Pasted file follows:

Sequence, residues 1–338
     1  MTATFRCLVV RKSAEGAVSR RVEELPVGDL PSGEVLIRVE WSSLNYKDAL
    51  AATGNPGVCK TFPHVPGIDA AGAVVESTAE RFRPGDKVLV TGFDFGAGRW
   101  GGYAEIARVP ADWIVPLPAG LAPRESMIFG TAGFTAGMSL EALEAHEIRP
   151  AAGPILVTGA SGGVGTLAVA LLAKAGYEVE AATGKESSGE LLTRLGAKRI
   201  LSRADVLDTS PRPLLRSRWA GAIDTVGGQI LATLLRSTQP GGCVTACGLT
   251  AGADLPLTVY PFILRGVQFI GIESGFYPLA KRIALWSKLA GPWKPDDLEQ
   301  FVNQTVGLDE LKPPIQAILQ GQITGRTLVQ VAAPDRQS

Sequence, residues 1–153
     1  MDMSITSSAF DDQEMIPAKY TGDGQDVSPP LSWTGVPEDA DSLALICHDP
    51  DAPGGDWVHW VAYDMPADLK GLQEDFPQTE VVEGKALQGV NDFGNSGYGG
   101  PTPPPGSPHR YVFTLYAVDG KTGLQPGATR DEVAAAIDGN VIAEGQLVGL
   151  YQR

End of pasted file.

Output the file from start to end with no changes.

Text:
Sequence, residues 1–338
     1  MTATFRCLVV RKSAEGAVSR RVEELPVGDL PSGEVLIRVE WSSLNYKDAL
    51  AATGNPGVCK TFPHVPGIDA AGAVVESTAE RFRPGDKVLV TGFDFGAGRW
   101  GGYAEIARVP ADWIVPLPAG LAPRESMIFG TAGFTAGMSL EALEAHEIRP
   151  AAGPILVTGA SGGVGTLAVA LLAKAGYEVE AATGKESSGE LLTRLGAKRI
   201  LSRADVLDTS PRPLLRSRWA GAIDTVGGQI LATLLRSTQP GGCVTACGLT
   251  AGADLPLTVY PFILRGVQFI GIESGFYPLA KRIALWSKLA GPWKPDDLEQ
   301  FVNQTVGLDE LKPPIQAILQ GQITGRTLVQ VAAPDRQS

Sequence, residues 1–153
     1  MDMSITSSAF DDQEMIPAKY TGDGQDVSPP LSWTGVPEDA DSLALICHDP
    51  DAPGGDWVHW VAYDMPADLK GLQEDFPQTE VVEGKALQGV NDFGNSGYGG
   101  PTPPPGSPHR YVFTLYAVDG KTGLQPGATR DEVAAAIDGN VIAEGQLVGL
   151  YQR